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Golf is a game of tradition and ritual. From the Green Jacket Ceremony at the Masters, to the hallowed and haunted grounds of the Old Course at St. Andrews in Scotland, people drawn to the sport because of its tradition and timelessness. It is an almost religious experience to walk the fairways of golf's sacred courses. As a person strolls down the lush fairways of course such as St. Andrews, one can almost hear the roars of patrons from championships past echoing through time. However, with all of its tradition, golf is still evolving and changing just the same is it has been doing for hundreds of years. Some people feel that the most recent changes to the game are violating its history. I say that change is a part of life, and the modifications made to the game are a part of its life.
Golf as we know it today originated from a game played on the eastern coast of Scotland in the Kingdom of Fife during the 15th century. Players would hit a pebble around a natural course of sand dunes, rabbit runs and tracks using a stick or primitive club.
Some historians believe that Kolven from Holland and Chole from Belgium influenced the game. The latter was introduced into Scotland in 1421. However while these games and countless others are stick and ball games, they are missing that vital ingredient that is unique to golf - the hole. Whatever the argument, there can be no dispute that Scotland gave birth to the game we know as golf today. Now, let us take a look at some of the changes made to this ancient game.
We will begin with the design and layout of the golf course. Today's golf courses consist of 18 holes or a front nine and a back nine. However, prior to 1764 this was not the case. The Old Course at St. Andrews is the oldest known, and most likely the first course ever constructed. It consisted of 12 holes, 11 of which were played. The course started at the center of St. Andrews and followed the lay of the land out to the town of River Eden. After reaching the 11th hole, the players would turn around and play 11 holes back using the same greens and holes. Thus, a full round consisted of 22 holes and only 11 greens. In 1764, the Royal and Ancient rules committee cut four holes out of the course which reduced the amount of holes on a course to today's common 18. As more courses were built, course architects began to construct 18 separate greens to add both character and safety to the courses (Bartlett, 2).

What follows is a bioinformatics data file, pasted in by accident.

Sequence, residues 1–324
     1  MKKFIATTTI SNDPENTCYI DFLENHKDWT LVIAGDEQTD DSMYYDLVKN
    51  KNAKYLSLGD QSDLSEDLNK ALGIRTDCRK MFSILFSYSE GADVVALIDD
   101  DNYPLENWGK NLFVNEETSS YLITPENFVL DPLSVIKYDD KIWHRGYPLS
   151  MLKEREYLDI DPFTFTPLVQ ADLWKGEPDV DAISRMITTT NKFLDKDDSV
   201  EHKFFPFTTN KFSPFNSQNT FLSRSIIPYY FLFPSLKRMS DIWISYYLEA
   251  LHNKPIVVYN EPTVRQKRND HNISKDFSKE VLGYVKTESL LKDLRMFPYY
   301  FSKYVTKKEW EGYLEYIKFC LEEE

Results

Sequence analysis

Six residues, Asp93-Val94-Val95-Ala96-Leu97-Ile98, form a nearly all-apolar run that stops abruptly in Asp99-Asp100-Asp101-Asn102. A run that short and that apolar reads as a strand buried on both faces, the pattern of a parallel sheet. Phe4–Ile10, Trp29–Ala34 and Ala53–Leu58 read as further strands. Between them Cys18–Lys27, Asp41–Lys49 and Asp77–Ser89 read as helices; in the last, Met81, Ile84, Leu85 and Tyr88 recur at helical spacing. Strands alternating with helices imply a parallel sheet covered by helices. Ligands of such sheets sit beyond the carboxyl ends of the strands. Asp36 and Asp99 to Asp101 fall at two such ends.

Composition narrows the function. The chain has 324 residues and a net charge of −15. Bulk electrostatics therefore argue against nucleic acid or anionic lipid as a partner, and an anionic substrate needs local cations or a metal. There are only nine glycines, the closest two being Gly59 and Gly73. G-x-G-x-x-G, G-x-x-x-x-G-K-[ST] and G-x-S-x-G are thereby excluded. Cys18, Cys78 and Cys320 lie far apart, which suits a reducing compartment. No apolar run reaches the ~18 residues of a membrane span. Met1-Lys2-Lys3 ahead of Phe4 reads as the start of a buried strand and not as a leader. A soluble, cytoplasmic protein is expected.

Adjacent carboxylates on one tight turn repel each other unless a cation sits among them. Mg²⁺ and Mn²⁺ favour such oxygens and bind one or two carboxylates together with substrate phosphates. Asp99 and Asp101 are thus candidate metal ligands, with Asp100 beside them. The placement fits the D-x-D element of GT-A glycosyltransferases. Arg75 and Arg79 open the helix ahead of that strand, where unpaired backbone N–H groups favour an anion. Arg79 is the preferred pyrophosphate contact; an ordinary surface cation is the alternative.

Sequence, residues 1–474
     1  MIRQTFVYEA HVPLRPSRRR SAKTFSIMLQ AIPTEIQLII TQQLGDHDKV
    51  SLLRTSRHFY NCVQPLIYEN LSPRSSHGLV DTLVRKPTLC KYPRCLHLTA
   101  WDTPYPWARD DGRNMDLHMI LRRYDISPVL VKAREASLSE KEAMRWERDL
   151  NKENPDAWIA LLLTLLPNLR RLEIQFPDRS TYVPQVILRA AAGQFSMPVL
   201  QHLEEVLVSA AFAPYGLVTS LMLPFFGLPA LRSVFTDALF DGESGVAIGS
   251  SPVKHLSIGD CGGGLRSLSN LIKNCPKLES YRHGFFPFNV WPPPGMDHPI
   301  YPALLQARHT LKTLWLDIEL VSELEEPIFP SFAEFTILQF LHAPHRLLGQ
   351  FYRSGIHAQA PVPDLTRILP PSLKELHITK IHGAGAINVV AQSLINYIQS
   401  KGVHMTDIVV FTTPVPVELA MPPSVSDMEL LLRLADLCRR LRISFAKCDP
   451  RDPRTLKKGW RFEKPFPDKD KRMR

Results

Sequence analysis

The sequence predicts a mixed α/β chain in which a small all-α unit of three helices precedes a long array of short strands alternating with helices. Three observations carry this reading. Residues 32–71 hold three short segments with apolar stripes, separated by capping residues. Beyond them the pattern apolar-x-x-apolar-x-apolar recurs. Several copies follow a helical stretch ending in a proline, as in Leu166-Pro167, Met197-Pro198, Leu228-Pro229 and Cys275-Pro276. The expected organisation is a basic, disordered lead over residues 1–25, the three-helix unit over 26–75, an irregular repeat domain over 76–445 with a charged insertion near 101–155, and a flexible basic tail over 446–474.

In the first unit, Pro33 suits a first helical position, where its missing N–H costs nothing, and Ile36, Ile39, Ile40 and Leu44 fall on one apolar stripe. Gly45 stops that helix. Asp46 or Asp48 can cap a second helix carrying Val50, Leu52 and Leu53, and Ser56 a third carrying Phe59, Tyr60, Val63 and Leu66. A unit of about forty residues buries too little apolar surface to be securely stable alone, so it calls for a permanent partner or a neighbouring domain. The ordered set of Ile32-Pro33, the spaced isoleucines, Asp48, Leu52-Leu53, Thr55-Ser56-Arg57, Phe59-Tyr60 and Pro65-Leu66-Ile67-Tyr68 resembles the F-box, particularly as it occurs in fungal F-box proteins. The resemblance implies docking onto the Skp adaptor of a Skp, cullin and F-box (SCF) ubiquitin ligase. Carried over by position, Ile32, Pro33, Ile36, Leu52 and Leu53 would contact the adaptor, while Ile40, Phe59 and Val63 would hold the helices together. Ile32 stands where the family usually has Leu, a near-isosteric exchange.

Since the major change of the amount of holes in 1764 only slight modifications have been made to courses. Take for instance America's most storied course, The Augusta National Golf Club. Augusta National could quite possibly be t
Sports mentioned in this term paper
the greatest game,
Names referenced in this report
Kramer, Bobby Jones, Bartlett, Augusta National,
Organizations talked about in this research material
Augusta National Golf Club, Golf Magazine,
Locations talked about in this research material
St. Andrews, Scotland., Augusta,
Companies referenced in this research material
Callaway Golf Company,
Keywords talked about in this research material
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